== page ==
A Win-Win Solution for Paper Waste

Hailey Jackson | Staff Writer

Double sided printers not only save money, but they also save the environment. Printing on both sides saves paper costs and storage,and reduces energy costs as well. The estimated cost for 600 sheets of printer paper is $4; however, if we used double sided printers, Marymount could cut that almost in half. The cost of replacing the main printers at Marymount (TeaHouse, Math Center and Library printers) with double sided printers would be approximately $350. In the long run, double sided printers would not only cover this cost but also save money for the school, which it could put to use.

Millions of trees are cut down worldwide to produce paper. You may not think Marymount alone can help this incriminating issue; however, every solution starts somewhere, and somewhere is much better than nowhere.

Double sided printers would also make a student’s life easier. Fewer sheets means less clutter. In addition, printing pages double-sided is less time consuming and less likely to cause backups, and printer malfunctions. The paper tray won’t have to be filled as often either.

An even better solution to saving paper is to use our laptops more! If it’s not crucial to print something - don’t. We have access to Google Drive, Keynote, Word, Pages and more. Using printers has come to be something we take for granted, and most often we only use the papers for one year, sometimes even only one day.

In conclusion, installing double sided printers would be a win-win situation.


Tanner Talk: “Cancelling is Cancelled”

Katie Tanner | Editor-in-chief

There’s a phenomenon on the internet called “cancelling,” when a celebrity’s actions or statements cross the line to problematic or they’re found to have abused their power. Cancelling someone labels them irrelevant because of their behavior, and encourages all of their fans to drop them. Most notably last year, Kanye West’s infamous “slavery was a choice” comments earned him cancellation, with hashtags trending on Twitter for days after the story initially broke. Is problematic behavior that celebrities like Kanye exhibit acceptable? Absolutely not. But unless someone had made a major, unforgivable mistake, I don’t think cancelling them is the solution.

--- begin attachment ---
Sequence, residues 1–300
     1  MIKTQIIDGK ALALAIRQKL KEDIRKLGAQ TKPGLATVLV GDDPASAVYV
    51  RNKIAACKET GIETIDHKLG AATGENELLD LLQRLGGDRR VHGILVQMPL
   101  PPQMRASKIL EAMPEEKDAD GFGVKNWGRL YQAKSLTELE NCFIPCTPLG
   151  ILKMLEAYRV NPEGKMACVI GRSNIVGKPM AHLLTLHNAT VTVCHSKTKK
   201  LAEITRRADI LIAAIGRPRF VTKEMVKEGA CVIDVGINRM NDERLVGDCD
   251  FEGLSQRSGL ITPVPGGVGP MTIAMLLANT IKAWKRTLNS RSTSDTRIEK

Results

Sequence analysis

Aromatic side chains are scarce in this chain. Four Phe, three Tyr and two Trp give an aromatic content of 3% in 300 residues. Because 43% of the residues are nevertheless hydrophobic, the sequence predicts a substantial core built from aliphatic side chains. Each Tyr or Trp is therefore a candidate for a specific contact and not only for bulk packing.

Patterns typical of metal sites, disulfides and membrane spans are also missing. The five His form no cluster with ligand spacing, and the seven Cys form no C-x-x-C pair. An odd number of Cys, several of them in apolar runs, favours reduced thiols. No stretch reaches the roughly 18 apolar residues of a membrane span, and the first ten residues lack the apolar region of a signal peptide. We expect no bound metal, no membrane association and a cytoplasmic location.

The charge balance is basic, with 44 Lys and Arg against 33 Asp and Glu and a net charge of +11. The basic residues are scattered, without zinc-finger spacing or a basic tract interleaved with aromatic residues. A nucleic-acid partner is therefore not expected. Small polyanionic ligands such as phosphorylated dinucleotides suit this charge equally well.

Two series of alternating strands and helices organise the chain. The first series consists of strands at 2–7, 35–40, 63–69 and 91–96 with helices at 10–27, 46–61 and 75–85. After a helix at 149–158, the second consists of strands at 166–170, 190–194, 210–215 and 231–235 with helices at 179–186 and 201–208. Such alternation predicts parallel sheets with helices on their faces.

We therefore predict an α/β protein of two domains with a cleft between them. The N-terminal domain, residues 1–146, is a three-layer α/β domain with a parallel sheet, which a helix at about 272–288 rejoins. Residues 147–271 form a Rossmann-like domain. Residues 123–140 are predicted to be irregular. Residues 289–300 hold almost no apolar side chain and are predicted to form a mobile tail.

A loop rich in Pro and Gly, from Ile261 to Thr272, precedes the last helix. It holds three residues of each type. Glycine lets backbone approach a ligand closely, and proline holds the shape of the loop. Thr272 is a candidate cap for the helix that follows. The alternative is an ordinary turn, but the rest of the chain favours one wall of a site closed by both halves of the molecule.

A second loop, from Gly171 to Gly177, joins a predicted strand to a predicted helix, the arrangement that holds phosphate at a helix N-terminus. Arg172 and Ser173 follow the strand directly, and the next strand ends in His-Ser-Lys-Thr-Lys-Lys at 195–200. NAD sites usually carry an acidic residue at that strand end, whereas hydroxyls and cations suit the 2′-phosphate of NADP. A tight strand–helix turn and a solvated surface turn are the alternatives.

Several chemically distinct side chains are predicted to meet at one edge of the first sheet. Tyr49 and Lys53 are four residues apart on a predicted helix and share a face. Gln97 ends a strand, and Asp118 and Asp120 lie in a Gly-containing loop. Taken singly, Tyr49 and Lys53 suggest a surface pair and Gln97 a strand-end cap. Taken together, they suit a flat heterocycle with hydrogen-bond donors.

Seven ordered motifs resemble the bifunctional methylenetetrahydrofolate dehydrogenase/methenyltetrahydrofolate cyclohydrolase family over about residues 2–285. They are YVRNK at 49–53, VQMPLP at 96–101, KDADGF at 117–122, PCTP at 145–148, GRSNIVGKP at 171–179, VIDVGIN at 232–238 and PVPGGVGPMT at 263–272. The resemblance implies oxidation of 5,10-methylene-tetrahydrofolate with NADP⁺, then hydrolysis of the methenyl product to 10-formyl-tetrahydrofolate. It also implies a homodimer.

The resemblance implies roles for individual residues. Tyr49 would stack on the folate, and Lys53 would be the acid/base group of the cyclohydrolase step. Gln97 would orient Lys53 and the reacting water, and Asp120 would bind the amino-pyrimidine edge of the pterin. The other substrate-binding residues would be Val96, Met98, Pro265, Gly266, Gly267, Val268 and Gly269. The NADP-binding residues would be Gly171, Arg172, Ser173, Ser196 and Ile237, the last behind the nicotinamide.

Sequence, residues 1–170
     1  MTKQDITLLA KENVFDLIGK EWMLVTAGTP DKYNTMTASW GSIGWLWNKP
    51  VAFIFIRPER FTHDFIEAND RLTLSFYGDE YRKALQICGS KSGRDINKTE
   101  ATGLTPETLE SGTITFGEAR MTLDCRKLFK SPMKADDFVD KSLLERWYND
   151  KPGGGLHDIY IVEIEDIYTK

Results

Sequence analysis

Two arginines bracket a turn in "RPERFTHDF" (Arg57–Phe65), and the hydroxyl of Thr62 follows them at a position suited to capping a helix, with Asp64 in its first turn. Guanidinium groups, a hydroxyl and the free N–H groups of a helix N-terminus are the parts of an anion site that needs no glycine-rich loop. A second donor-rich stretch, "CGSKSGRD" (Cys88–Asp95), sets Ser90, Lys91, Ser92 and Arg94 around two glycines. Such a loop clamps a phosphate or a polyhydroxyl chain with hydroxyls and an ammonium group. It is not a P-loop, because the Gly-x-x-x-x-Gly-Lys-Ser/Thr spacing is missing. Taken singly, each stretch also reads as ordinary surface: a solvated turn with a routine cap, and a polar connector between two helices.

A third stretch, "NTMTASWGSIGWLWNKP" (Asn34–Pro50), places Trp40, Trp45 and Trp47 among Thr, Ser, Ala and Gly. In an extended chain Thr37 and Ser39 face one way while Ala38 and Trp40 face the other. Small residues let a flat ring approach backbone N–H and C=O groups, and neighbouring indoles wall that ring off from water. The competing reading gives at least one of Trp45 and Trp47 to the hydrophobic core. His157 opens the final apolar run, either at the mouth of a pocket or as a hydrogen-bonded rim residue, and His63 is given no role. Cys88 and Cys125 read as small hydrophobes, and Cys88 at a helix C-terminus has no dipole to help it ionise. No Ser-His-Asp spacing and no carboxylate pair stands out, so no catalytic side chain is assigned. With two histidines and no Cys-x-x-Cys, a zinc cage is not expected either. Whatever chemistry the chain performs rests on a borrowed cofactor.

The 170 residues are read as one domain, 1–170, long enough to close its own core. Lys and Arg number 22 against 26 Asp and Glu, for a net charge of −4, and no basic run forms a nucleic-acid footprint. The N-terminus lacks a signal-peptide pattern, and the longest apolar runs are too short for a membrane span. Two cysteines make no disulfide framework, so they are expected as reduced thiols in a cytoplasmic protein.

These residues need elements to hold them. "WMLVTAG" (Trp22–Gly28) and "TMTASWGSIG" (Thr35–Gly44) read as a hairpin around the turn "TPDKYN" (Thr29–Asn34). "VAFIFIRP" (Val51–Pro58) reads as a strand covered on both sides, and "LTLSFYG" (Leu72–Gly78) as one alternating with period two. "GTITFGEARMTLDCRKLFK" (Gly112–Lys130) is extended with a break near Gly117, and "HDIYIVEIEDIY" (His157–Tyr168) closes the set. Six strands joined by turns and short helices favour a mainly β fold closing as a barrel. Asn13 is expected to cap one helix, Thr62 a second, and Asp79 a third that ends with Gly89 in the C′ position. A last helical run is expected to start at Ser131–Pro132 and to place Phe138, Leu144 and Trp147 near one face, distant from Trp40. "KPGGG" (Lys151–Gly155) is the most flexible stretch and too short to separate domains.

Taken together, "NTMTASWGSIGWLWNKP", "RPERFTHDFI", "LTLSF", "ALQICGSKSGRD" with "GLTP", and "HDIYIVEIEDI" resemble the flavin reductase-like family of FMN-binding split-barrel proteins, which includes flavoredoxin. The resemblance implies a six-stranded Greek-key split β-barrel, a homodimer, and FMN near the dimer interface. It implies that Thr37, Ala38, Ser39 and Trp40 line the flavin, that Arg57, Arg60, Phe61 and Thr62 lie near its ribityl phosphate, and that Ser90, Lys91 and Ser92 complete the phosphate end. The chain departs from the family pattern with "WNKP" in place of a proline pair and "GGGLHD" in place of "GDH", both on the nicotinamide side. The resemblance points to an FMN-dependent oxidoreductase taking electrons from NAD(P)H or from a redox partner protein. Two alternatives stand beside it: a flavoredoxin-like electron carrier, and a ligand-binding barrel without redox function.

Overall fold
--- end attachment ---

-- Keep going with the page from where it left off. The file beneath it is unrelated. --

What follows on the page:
Harvey Weinstein? Absolutely cancelled. Allegations of sexual assault are the kind of major, unforgivable mistakes that warrant cancellation, and I wholeheartedly agree with them because they help dismantle a corrupt and toxic system of male-dominated power. But cancelling celebrities for offensive comments and smaller missteps won’t solve anything. Cancelling someone allows them no possibility to amend their actions or address the hurt they have caused; it immortalizes a person as evil and cuts off the communication that could potentially lead to a celebrity realizing their wrongs and genuinely growing from a negative experience. In a way, it doesn’t even hold public figures accountable for their mistakes, instead cutting ties right then and there, and as role models, this lack of a model of growth can massively impact the people who look up to them.

There’s a difference between deciding for yourself that a celebrity’s actions are too hurtful for you to keep supporting them and deciding for the entire internet that they should be permanently shunned. Yelling at someone over the internet and telling them why they’re a disgusting person won’t accomplish anything; if anything, it will only make the cancelled person more secure in their problematic beliefs. There’s a blatant lack of empathy and effective communication when anyone starts typing in all caps and declares someone cancelled, and it’s understandable when a celebrity’s comments are so ignorant and disrespectful that it’s hard to respond calmly.